If you work with an SEO agency, are new to the world of digital marketing or simply want to boost your website’s search results you will have encountered the term ‘meta description’.
We’ve answered the most common queries about meta descriptions to help get you started on the path to optimised search results, so let’s dive in…
What is a meta description?
Simply put, a meta description is a snippet of text that gives a concise overview of what a page or website will contain. Think of it as a short blurb for a web page – an opportunity to entice a reader to click through to your web page over the other options on the search results page.
It will appear under the title and URL of your web page in search results and tends to be a couple to a few lines long.
Does it affect SEO?
Yes, indirectly. Whilst Google has explained that meta descriptions don’t feature in the list of ranking factors they use for search results, they it do es still have an impact.
Google favours websites that give users what they are looking for and it does this through factors like bounce rate (the number of visitors who navigate away from the site after viewing only one page) and the amount of time a user spends on a page. Meta descriptions can have a big impact on these factors so they play a key role in not only getting visitors to your website, but also ensuring they stay there.
A meta description needs to be enticing, but it also needs to be a great representation of what’s on the page. If not, a user may think ‘hmm this doesn’t really answer the question I’m asking or provide the information I need’ and return to the search results (increasing your bounce rate and telling Google your page may not be appropriate for the term.)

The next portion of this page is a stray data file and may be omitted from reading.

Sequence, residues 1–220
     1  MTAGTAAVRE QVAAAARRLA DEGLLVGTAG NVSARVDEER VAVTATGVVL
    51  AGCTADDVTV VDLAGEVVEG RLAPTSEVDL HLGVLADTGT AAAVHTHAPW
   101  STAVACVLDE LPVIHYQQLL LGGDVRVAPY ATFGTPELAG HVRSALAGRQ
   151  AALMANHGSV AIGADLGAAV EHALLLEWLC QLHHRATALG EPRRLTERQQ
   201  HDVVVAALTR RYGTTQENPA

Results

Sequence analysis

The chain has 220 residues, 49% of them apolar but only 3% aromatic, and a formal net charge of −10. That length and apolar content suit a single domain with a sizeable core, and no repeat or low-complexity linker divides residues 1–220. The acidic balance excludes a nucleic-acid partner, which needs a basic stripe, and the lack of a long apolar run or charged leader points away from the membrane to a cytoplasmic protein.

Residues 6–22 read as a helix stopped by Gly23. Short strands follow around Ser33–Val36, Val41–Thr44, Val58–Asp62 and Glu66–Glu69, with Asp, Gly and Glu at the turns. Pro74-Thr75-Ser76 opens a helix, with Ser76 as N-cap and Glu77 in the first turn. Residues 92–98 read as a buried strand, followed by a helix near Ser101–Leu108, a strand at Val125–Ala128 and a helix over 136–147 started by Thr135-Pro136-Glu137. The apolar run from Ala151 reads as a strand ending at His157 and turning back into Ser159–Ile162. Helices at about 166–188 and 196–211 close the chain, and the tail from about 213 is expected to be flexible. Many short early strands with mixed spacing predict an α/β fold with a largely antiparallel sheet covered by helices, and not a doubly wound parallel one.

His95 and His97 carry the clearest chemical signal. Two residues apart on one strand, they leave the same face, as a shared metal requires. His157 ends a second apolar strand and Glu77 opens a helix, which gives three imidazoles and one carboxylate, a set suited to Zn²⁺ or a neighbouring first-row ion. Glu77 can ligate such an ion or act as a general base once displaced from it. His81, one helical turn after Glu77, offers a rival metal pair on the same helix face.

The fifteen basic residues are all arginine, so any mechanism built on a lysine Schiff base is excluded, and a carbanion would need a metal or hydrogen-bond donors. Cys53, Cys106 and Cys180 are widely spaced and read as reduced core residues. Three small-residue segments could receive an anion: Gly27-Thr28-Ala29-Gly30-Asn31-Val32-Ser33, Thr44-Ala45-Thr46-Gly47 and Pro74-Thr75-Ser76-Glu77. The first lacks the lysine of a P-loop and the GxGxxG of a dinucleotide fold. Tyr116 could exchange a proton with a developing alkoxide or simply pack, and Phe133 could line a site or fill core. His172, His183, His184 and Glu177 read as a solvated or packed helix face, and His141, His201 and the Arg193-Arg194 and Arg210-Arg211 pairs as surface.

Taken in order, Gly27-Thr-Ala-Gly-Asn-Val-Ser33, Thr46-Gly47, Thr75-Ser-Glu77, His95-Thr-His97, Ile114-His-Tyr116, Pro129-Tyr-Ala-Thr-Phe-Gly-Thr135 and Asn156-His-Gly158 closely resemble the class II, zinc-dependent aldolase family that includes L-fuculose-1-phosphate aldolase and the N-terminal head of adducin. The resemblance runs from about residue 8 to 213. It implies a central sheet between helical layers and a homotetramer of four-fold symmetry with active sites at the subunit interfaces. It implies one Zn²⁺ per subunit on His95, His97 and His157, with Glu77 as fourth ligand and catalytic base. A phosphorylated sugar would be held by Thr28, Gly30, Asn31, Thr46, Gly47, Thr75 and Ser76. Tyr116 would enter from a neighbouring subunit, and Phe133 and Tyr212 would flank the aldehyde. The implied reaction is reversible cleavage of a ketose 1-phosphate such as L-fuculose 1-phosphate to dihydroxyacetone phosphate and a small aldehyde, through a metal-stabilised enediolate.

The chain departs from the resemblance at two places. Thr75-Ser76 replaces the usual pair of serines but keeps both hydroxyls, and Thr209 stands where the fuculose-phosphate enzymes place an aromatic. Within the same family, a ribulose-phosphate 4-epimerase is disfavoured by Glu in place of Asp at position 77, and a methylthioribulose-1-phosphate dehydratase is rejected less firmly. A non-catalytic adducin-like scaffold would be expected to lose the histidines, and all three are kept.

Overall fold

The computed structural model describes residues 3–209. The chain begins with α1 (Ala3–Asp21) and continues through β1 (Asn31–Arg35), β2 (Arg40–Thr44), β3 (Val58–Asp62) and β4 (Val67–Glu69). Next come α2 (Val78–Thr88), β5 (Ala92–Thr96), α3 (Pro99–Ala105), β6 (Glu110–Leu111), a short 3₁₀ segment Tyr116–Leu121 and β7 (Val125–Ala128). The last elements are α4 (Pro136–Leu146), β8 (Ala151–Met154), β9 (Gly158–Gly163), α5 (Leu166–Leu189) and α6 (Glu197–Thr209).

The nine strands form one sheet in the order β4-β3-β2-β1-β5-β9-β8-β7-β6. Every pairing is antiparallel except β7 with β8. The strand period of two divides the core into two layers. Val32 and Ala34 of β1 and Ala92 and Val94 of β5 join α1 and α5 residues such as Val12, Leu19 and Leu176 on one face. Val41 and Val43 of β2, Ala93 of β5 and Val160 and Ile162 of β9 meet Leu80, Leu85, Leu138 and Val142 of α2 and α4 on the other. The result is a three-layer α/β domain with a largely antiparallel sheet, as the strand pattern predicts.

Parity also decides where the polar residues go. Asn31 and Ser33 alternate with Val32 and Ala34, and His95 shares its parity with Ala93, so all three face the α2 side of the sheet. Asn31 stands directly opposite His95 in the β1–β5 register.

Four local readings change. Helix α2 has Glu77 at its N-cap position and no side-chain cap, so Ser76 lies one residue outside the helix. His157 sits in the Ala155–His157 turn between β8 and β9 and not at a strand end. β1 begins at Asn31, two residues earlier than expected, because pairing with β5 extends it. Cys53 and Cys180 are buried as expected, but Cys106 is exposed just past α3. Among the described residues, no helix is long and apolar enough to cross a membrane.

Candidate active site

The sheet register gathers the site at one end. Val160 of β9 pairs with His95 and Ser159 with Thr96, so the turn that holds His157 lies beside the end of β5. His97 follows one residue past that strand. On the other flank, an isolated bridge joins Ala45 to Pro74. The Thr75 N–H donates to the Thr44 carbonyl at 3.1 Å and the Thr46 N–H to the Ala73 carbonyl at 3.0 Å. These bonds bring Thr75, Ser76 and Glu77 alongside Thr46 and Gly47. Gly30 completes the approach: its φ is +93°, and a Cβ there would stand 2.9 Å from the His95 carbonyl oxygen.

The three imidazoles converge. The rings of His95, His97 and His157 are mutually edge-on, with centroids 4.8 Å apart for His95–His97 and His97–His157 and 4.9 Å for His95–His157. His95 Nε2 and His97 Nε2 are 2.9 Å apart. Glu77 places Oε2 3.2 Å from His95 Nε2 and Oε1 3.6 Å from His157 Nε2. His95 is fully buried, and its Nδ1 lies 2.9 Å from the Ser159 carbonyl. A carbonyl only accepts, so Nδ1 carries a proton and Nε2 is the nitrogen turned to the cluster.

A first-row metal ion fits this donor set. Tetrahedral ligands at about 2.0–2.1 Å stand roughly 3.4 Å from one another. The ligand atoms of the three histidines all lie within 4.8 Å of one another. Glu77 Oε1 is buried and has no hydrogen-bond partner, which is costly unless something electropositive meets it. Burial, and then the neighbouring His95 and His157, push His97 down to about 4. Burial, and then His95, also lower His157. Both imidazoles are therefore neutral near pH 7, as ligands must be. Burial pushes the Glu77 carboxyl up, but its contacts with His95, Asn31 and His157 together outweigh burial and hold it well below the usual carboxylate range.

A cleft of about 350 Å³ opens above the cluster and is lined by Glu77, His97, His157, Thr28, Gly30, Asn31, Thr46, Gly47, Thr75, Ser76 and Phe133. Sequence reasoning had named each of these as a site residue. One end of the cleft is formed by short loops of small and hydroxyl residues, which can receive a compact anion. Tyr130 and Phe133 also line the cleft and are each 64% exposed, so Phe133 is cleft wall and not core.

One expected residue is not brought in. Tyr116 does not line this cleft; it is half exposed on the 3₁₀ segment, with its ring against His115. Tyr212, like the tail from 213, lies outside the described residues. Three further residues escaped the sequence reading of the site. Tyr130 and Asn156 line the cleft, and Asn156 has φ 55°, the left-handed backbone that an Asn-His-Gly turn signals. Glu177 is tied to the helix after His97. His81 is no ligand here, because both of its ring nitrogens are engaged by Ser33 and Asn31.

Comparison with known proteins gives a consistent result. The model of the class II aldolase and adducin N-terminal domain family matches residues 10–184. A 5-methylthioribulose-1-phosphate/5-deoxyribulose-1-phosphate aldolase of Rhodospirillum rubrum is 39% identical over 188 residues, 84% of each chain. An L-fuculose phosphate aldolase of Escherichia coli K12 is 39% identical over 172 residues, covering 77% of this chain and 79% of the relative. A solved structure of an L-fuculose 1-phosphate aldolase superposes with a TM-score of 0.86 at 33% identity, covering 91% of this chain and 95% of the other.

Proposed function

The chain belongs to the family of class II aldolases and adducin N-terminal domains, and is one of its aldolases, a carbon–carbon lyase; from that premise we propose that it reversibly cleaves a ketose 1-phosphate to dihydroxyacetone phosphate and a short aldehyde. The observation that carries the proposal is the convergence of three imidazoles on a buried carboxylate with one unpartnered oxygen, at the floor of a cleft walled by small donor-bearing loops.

How long should it be?
At the time of of writing this article, the best length for a meta description in 2018 sits at around 155–160 characters. However, it’s It is worth noting though that Google tends to experiment with different lengths sporadically. There are some great tools out there to help you with the length of a meta description and some even provide a mock-up of what your search result will look like in action. If you use WordPpress, then an SEO optimisation plugin like Yoast may even do this for you in page!
How to write a great meta description
Going back to our example meta description earlier, you can see that some words have shown up in bold. As a general rule, Google will bold keywords in your meta description that match the kind of terms the user has searched for so it’s the perfect way to draw a little more attention to your result.
Write for humans
Although using a few keywords is fantastic, and likely unavoidable, stuffing a meta description full of keywords is not the way to go. Meta descriptions are really intended for readers, so writing in a flowing manner with humans in mind is a much more effective approach.
Make it unique and compelling
As a general rule, each unique page on your website should have its own dedicated meta description (category, tag or paginated pages tend not to be a problem). Think of each meta description as an advert for that specific page. You may want to include action-orientated language, for example ‘visit’, ‘learn’ or ‘discover’ to encourage a reader to take the action of visiting your page.
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